Tuesday, November 27, 2012

TROVE Tuesday - Party at the beach

[From our own Correspondent]

Peachey Belt, December 28.

Yesterday being Christmas Day, there was a general cessation of harvest operations. From early morn till late in the evening vehicles of all kinds were passing to and from St. Kilda. being the favourite rendezvous of the pleasure seekers from Salisbury, Virginia, Penfield, and the surrounding neighbourhood. The vast concourse of people that located themselves on the beach during the day fully showed that St Kilda, as a watering-place, is not a whit behind other places of this kind in the colony.  Convenient and well shaded bathing places for both sexes a comfortable distance on either side of the promenade, ample room for cricket, dancing, racing. &c, on the beach, afforded abundant opportunity for all to enjoy themselves according to their several tastes.
SA Register 29 December 1863

Thursday, November 22, 2012

Preparations for the opening of Elizabeth

This took place on the morning of November 16th 1955 on open space adjacent to where the first houses were constructed towards the south. At the time, tracks only were provided for transport  in fact two only were used. Gluepot Road from Salisbury and the other referred to as Judd’s Road (off Main North Road). Bus transport was provided for invited guests from Adelaide. These left from in front of Parliament House. The ABC was to provide the radio broadcast, and this required a telephone line to do so. Two lines only were available in the whole area. The Trust was given permission to use one in a house owned by Mr Nitschke and was to be used by the interstate journalists covering the event. The other, at Judd’s house was for the ABC.

A crew arrived a few days before and arranged the cable on poles, quickly erected on the few trees that were growing. On the morning of the 16th a test was carried out and found to be faulty. An investigation revealed the cable had been eaten by birds and hasty repairs were carried out. Another problem was the public address system operator. He lost his way to the site and was late arriving. The Premier, The Hon. T. Playford continued the secrecy of the name of the new city. In fact, most present were of the opinion it would be Edinburgh and when he announced Elizabeth there was a short pause before it was applauded. A luncheon for the guest followed and in the afternoon drinks were provided for all the workers, estimated at approx. 300.

From Ted Bowden Oral History interview, 1996

Social Clubs

I have been researching the Marching Girl Clubs of ELizabeth, a topic I will post on later.  Trolling through the Messenger Newspapers, I have been surprised at the number of Clubs, groups and organisasitons that existed or still exist in the City of PLayford.  There are the familiar clubs, scouts, guides, sports, Red Cross, CWA, but I have come across a few that were new to me.

Twenteen Social Club
Formed 1967.  A club for young people aged between 18 and 23, who met for leisure acitivities.  OVer 100 youth were involved with this club which had planned montly entertainment.  Activities such as dances were held every month., beach parties, BBQ, observer trials, bowling, ice skating, and caberets.  The most popular events were record evenings and debates.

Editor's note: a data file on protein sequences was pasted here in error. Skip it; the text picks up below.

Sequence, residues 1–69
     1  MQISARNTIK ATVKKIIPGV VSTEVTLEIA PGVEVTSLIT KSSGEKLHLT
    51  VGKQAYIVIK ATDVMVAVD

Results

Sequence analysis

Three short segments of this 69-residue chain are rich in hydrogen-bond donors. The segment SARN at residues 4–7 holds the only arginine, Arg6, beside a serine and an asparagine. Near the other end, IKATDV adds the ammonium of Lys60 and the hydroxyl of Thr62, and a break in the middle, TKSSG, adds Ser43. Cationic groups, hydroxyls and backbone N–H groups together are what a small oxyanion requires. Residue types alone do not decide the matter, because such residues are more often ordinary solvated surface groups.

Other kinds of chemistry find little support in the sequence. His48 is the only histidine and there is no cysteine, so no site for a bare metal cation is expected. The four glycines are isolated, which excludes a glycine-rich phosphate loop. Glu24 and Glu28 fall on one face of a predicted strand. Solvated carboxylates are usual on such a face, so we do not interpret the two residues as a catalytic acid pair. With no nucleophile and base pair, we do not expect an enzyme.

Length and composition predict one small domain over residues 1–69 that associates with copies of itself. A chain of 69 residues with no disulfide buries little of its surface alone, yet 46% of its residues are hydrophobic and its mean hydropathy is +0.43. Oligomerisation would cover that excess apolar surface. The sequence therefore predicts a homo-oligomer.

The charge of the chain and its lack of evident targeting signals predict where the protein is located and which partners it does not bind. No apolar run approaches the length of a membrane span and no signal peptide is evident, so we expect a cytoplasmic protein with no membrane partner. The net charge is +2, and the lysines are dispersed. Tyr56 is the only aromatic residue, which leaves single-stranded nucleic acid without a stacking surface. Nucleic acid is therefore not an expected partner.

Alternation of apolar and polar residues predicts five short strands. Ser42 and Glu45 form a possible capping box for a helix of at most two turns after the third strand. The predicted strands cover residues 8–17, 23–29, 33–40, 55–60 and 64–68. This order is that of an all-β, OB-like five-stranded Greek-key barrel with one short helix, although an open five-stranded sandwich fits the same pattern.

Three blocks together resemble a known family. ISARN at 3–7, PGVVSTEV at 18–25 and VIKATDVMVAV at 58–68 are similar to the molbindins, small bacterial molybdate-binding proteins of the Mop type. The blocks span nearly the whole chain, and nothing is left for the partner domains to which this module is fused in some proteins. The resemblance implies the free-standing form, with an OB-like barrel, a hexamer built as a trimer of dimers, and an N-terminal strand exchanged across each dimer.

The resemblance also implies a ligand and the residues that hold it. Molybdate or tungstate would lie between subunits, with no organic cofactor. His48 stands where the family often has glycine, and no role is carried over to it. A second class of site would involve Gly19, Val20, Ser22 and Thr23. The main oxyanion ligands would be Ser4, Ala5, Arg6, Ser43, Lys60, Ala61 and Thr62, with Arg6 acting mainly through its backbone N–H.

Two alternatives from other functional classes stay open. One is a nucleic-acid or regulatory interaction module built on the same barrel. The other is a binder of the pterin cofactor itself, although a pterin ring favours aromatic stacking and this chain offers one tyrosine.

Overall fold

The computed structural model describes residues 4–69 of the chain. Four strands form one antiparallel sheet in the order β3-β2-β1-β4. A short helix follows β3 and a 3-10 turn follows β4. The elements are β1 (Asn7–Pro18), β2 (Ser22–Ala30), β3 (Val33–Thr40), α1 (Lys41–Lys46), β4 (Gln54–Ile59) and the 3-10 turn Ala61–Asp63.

Elizabeth Darby & Joan Club
This was around in 1971, as yet I haven't found further details and even had to look up what Darby & Joan Clubs were.

In England, clubs for senior citizens are often called Darby and Joan Clubs, a usage thought to originate from a club in Streatham founded in 1942.
Elizabeth branch Civilian Widows
The Association of Civilian Widows of Australia originated in Western Australia in 1953 at a meeting convened by the Women's Service Guild. Its formation was largely due to the efforts of Mrs Invy Kent. Over the following two years Apex helped to establish a National Executive and over 200 branches of the Association across Australia. The Association is non-party political and non-sectarian and its objects are to promote the interests of the widow and her child wherever possible. It also engages in welfare work for its members and holds fund raising and social meetings. It's motto is 'Friendship and Service."
If you have further information on these clubs, or any others from the area, I would love to hear from you.

Tuesday, November 20, 2012

TROVE Tuesday - Picnic time

PENFIELD. January 6

On Monday at this little township people gathered from all directions, preparatory to starting for St. Kilda Beach, where the employees of Messrs. Hastwell & Son held their annual picnic. The company in an hour and a half arrived at the shore, and while some enjoyed cricket, croquet, quoits, and dancing, others bathed or caught crabs, of which there was a fine supply. The whole arrangements were excellent and enjoyable. The provisions were ample, and cordiality prevailed. The farmers are busy reaping, and some will soon be finished. Some settlers have reaped from 15 to 25 bushels per acre. The rough weather has done very little harm to the crops, except in some places where the grain has been shaken a little.
The Register 17 January 1876

Thursday, November 15, 2012

Max Fatchen poem on the new town